Today I wanted to share how I organize my fabric! I have been reorganizing my studio and really needed to revamp how I was organizing my fabric. I was using more of a bin system before, which worked well for my set up before I had this bookcase. I still used that method after I purchased this Billy bookcase with doors from ikea a few years ago and decided recently that it really wasn’t working well for me anymore. I need to be able to see my fabric so that I can think creatively without digging through bins and also know how much I have. I also was not putting my fabric away consistently with the other system because it was annoying to have to pull out the bins each time and fold everything just right. Not that any of us are perfect about keeping things tidy in our creative spaces (I know I’m not!) but I think this will help with that too.
Here is my fabric stash! I love how it functions and looks and not as importantly but even from a business and branding perspective it’s much more appropriate for the look of my business.
The top 2 shelves contain quilting cotton fabric no smaller than a fat quarter. If it is smaller than a fat quarter, it goes in the scrap bins (figuring out how to organize that currently, so stay tuned for what I end up doing with that!). I imagine at some point the bolts will fill the space, but for now there is enough room for some of my precut bundles. The top shelf as the fat quarter size Polar Notion bolts in the front because I wanted to try out the size. I like them, but I think I would prefer to have them on the other boards in with the rest of the stash. The first set of fat quarter bolts came in my quilty box subscription.
The larger boards I am using on the top 2 shelves are comic book board inserts that I purchased on Amazon. You can get 100 for $10, so that’s a pretty good deal. A lot of people say they use foam core from the dollar store or flat rate boxes from the post office to make their own bolts. Word of caution: the comic book board inserts are archival, so they will not damage your fabric over time. The foam core and boxes are not. So if you don’t hang on to your stash for long, that is a find option. But, if you are like me and have some fabric from 2010 and 2011 or earlier then it may not be the best option.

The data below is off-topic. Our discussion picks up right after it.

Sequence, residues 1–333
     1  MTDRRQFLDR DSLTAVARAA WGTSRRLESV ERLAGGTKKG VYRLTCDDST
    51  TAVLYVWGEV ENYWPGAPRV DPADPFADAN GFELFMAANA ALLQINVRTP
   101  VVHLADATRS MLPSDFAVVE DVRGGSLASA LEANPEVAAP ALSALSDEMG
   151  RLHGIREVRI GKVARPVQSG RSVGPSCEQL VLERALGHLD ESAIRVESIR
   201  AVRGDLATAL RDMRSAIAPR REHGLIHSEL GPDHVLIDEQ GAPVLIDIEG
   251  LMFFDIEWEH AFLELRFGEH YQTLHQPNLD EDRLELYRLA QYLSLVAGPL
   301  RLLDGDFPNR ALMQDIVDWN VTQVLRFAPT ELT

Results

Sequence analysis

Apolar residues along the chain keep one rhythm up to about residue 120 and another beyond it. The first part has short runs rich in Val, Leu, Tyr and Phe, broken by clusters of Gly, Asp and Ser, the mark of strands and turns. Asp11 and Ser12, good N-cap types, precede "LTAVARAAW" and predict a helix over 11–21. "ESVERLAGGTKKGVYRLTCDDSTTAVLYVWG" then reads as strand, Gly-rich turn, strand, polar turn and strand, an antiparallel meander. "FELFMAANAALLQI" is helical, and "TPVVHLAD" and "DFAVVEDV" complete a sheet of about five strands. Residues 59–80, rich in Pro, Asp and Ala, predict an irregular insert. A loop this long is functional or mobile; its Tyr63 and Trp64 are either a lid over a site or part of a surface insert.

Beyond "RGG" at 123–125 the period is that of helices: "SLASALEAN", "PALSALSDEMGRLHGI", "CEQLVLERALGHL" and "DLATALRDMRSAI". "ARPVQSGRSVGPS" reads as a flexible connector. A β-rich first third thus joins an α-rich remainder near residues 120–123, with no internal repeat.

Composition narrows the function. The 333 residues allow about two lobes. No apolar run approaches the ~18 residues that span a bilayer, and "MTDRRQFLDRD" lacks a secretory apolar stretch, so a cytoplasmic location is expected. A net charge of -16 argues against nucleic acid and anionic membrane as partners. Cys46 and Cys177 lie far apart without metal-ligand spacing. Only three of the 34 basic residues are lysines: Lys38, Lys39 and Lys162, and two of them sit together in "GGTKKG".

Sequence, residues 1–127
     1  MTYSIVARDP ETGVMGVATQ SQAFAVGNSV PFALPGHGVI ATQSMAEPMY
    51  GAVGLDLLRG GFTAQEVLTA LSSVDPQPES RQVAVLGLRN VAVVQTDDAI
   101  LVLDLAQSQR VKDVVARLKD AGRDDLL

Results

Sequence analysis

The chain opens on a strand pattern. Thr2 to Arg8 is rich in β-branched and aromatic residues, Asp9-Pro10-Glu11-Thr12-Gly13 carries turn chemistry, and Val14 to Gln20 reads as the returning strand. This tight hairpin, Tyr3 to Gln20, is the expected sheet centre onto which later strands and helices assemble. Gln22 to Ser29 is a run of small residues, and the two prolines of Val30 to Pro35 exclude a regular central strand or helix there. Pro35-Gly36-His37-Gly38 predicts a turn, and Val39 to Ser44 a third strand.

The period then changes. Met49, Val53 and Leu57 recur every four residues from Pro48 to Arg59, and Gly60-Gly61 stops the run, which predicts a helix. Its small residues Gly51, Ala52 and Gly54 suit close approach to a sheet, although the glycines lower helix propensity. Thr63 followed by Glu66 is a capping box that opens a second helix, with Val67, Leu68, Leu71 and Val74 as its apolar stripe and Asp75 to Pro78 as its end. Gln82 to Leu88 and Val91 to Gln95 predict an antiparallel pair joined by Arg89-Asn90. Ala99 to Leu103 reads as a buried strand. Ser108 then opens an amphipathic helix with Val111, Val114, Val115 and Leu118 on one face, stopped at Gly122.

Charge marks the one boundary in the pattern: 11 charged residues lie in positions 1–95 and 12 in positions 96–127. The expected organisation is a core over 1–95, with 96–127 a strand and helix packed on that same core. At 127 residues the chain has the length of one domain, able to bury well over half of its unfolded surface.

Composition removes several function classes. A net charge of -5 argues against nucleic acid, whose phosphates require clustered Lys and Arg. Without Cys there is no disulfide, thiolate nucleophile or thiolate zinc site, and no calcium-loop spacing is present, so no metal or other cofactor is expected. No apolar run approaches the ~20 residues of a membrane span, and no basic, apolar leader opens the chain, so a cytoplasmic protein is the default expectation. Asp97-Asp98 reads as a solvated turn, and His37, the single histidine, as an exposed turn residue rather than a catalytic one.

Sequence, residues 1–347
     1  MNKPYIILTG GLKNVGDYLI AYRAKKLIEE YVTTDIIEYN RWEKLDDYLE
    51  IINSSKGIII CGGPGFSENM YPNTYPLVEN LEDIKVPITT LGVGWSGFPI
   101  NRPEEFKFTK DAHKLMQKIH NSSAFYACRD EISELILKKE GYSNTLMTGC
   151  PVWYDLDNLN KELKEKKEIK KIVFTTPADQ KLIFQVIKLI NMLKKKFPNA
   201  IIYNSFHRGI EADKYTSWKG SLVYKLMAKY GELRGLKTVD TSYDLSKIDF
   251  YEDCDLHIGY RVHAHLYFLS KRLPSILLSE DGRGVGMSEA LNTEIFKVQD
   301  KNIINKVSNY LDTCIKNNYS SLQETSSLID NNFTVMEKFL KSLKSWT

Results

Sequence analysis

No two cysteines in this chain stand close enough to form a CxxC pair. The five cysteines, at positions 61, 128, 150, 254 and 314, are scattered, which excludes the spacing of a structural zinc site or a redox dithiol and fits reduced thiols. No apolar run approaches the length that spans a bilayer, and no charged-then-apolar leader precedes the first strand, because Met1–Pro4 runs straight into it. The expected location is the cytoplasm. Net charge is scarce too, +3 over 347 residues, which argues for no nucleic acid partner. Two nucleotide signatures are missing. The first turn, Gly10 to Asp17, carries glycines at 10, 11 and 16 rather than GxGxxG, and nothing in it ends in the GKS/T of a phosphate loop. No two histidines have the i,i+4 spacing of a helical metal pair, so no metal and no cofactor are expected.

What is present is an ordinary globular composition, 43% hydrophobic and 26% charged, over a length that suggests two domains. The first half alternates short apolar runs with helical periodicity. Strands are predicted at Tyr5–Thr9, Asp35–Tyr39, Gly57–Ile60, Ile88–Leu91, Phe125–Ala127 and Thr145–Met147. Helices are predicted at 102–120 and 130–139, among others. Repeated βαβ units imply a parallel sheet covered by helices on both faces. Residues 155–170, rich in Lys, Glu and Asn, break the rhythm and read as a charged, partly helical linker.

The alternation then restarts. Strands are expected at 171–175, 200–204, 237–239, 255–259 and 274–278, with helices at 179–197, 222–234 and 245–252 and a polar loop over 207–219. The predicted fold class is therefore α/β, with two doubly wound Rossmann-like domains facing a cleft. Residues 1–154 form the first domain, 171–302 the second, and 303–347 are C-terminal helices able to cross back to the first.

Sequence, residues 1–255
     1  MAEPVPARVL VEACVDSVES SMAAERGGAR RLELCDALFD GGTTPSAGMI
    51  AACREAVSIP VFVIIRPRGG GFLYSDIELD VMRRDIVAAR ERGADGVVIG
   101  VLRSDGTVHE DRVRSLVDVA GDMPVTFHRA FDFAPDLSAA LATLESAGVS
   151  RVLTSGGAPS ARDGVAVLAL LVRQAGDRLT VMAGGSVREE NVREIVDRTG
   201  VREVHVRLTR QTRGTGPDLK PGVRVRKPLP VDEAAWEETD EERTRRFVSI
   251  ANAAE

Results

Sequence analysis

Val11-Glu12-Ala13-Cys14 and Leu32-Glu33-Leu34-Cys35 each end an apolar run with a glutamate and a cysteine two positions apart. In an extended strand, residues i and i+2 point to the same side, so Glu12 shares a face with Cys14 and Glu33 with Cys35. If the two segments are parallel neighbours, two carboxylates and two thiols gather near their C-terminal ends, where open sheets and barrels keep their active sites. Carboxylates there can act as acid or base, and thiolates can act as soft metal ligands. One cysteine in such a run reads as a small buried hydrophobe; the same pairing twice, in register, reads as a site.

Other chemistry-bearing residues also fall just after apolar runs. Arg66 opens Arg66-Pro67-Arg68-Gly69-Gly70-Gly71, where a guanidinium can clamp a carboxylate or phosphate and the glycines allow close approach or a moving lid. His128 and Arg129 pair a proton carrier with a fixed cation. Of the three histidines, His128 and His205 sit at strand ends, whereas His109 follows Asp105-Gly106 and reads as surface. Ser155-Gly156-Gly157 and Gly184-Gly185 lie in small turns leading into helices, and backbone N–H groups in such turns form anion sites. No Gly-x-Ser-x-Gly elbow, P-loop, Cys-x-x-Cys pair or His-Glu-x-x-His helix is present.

On the bottom shelf, I have my larger cuts of fabric, minky, flannel, upholstery fabric, faux fur, faux leather (vinyl) type of fabrics. I don’t keep a ton of this type of fabric on hand, but the larger Polar Notions bolts (the original size) were really handy for this. The comic book boards would not have been able to handle this weight of fabric and the Polar Notion bolts are archival and safe for fabric so that is great. They are a bit expensive, so I will only use them on these types of fabrics, it seems unnecessary for smaller sizes of quilting cottons. Polar notions also sells bolt buddy clips, but I am a bit of a minimalist and don’t think these are super necessary however if you have a smaller stash, they might be handy if there are not other bolts right up next to the fabric helping to keep the fabric in place.
Ultimately, the best way to organize your fabric is what works best for you. People have different preferences in how they can think and work creatively not to mention different amount of space and set up to store fabric. Here are a few tips that anyone can apply.
- Keep your fabric safe. Use it up, keep it free from dust and damage. Most likely you spent good money on this fabric, so we want to keep it nice.
- Be able to see and find what you need. Whether thats in a bin or on a shelf, utilize your space in a way that works best for you so that you can find fabric and don’t end up re-buying fabric you don’t need.
I hope this was helpful for you! The video below explains in more detail how I organize and fold different sizes of fabric on the bolts. Enjoy!
*This is not a sponsored post. It does contain affiliate links at no extra cost to you. Thank you for the support in this way!